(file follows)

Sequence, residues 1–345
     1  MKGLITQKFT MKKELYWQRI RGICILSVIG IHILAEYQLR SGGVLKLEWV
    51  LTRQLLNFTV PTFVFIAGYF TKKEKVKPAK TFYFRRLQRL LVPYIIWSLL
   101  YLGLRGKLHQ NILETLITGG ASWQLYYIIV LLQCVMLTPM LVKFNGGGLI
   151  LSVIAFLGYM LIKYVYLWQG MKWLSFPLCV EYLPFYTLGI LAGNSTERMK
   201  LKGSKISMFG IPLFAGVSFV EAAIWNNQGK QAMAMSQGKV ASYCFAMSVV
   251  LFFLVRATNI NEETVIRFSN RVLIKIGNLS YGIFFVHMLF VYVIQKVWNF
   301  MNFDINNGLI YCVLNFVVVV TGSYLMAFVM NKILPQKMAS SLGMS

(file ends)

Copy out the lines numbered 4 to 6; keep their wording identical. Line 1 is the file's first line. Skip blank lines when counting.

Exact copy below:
   101  YLGLRGKLHQ NILETLITGG ASWQLYYIIV LLQCVMLTPM LVKFNGGGLI
   151  LSVIAFLGYM LIKYVYLWQG MKWLSFPLCV EYLPFYTLGI LAGNSTERMK
   201  LKGSKISMFG IPLFAGVSFV EAAIWNNQGK QAMAMSQGKV ASYCFAMSVV